I love kids. I love them so much that if you're under 10 years old and I meet you on the subway in NYC or waiting for the bus in Bangkok I will smile and make funny faces and wave and blow kisses. So kids, if you're wondering who that crazy lady was -- it was me.
I am also not above buying your love. This is why I do not even consider visiting my niece and nephew without presents in hands. I find that children under the age of 5 are very easily bought off so for the price of a latte I can purchase at least 3 kisses and an I love you. Deal. Similarly, I have a long standing rule that I'm buying whatever the kids are selling -- from lemonade to Girl Scout cookies to raffles tickets for a cord of wood -- here's my dollar. In fact, in the case of Girl Scout cookies, here's my wallet.
Cambodia has shot my approach to children straight to hell. The kids are everywhere, waving back at me, saying crazy precocious things in better English than I speak, selling me postcards. And there's the rub. A girl can only buy so many postcards before her $70/day budget is completely blown.
I make the perfect target but despite my nature I've been breaking little hearts all over the country. In Phnom Phen the kids are all selling books. Copies of The Killing Fields pour from laundry baskets carried by 8 year olds at the Khmer restaurants and outside of the national palace and I was personally offered every single copy. Ultimately though, Geoff was the real target. Sitting at dinner on our last night in Phenon Phen he was hit up first by a 14 year old Obama fan (how awesome is it to be proud of our president while abroad? SUPER awesome) who he managed to fend off. Then came an 8 year old dressed in a smart button down shirt, red jams and a pair of pink crocs. He had all of the tactics down. "You, buy a book." "Buy this book, everyone loves it." "I have not read it but all of the tourists think it is great." "Why not? You don't like to read?" "Ok, you eating dinner, I let you eat and then I come back." And to me, "If he does not buy a book you buy a book." Impressive move sir.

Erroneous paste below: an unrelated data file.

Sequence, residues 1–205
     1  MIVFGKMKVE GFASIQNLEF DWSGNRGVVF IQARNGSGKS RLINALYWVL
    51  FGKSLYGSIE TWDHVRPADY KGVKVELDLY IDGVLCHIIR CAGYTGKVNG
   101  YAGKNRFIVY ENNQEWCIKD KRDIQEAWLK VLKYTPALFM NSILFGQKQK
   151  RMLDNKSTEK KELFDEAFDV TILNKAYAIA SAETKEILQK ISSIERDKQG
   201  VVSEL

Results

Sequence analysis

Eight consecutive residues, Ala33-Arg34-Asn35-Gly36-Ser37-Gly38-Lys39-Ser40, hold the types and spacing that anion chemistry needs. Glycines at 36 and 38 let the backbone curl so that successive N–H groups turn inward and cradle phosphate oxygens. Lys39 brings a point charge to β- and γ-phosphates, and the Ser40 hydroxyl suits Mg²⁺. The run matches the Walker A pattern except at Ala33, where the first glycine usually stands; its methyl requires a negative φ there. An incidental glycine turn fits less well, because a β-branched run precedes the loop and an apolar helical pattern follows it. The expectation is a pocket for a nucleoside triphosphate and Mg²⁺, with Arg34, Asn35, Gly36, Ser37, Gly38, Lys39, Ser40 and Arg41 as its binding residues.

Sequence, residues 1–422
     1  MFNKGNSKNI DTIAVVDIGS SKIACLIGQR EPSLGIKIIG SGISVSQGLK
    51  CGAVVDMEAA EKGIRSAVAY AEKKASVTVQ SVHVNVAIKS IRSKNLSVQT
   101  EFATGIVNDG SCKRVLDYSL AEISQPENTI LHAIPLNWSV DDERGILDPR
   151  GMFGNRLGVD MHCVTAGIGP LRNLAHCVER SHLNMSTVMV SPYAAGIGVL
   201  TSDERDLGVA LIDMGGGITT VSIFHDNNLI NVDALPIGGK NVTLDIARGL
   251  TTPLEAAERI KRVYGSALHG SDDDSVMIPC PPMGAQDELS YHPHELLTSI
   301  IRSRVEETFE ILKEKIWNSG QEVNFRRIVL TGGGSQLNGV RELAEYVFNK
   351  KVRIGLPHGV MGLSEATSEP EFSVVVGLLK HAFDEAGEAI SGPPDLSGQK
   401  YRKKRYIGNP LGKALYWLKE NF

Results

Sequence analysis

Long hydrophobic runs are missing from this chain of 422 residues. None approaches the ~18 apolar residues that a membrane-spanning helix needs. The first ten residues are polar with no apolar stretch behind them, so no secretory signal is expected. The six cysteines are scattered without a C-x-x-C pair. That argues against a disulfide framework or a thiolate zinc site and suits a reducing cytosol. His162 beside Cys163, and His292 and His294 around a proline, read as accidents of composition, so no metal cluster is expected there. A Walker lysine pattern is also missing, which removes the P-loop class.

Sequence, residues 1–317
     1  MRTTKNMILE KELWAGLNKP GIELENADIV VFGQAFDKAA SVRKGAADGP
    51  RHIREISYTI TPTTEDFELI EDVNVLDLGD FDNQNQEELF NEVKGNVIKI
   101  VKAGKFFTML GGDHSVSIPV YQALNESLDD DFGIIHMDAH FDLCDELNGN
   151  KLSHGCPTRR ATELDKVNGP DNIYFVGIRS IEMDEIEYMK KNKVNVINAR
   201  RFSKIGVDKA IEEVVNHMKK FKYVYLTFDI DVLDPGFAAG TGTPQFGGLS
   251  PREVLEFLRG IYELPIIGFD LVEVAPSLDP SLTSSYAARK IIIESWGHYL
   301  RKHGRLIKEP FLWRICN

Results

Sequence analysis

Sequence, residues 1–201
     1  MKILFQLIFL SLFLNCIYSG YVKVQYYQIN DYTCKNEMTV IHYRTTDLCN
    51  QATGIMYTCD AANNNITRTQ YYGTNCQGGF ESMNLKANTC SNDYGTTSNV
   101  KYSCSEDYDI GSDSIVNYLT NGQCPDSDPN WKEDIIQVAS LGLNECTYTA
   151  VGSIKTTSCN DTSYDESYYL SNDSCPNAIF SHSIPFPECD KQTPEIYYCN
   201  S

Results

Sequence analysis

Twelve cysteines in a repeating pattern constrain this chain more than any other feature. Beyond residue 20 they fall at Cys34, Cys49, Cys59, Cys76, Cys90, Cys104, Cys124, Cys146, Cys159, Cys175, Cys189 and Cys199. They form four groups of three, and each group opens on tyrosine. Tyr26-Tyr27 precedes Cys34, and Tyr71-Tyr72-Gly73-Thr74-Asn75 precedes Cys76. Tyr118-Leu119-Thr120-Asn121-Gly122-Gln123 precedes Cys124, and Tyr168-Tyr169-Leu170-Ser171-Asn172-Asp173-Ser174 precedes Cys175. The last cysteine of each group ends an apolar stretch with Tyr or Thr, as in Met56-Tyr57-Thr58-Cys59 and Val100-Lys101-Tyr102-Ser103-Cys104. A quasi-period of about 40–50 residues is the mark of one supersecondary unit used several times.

And as soon as the last of our Angkor beer, amok and loc lac was deposited in our tummies he was back. "Hello, ok, you done. You buy book now." This finally devolved into a Rock, Paper, Scissors challenge and Geoff cannot resist any opportunity to gamble. So we now own a copy of The Killing Fields ($6) with a very nice cover and inside pages that appear to be photocopied on a machine from 1988. I also bought a set of 12 postcards for $2 because I am a sucker and also because one has a picture of kids and a buffalo and the back says "Children with Buffles" -- No one can resist Buffles, not even a cold hearted snake like myself.
The kid salesman mob at the front of the Angkor Wat temples means business. They swarm you as soon as you exit your tuktuk with cries of "Laaaaadeeeee! You want cold drink?" "You want bracelet?" "Five for 1 dollar!!" The first English phrase learned by all Cambodia children is "No, Thank You." The salesmanship is also bordering on stalking. "I remember you, you come back you buy from me." "You come back you want cold drink, you only buy from me, or else." "You not buy from me I cry." No pressure. Thankfully, these are all idle threats, but as soon as some kid comes through with the tears I will probably lose my resolve, give her all of my money, and catch the next flight back to the job that pays for my food/ragamuffin support fund.
Billy Mays is alive and well in the hearts of Cambodia. "You want wooden flute?" "It has carving!" "But wait there's more! Carving of bird!" "And an all bamboo woven case!" "BUT WAIT!" "All this for ONLY $1!!!!" "You buy flute now!"
Sadly (or for my budget, luckily) the children selling things outside of the temples here have failed miserably in understanding the needs of their customers.
Things Being Sold By Children Outside of Angkor Wat
- A million "silk" scarfs
- Gold painted Buddha figurines
- Pieces of bamboo folded into the shape of a grasshopper
- Photocopies of the Lonely Planet
Things I Wanted to Buy Outside of Angkor Wat
- A shower
- A battery powered fan
- A huge chunk of ice
- A parasol
- Moister wicking underwear
Those water salesman made a killing.
If I weren't committed to 2 more months of carrying all of my belongs on my back this would be a shoppers paradise. Tshirts for $5, scarves for $1, piles of silk pillow cases for $2. (Aside: Thailand is just as good and in our last few days there in May the spending spree is ON. Place your orders for knock off Calvin Klein panties and generic Viagra ($9/15 pills!!!)). Besides the pack of postcards and a tuktuk full of bottled water I'm purchase free. Good for the budget, but obviously I'll be back in Brooklyn come June lying in Prospect park wishing some toddler would waddle by with bottles of water and a $5 t-shirt covered in engrish.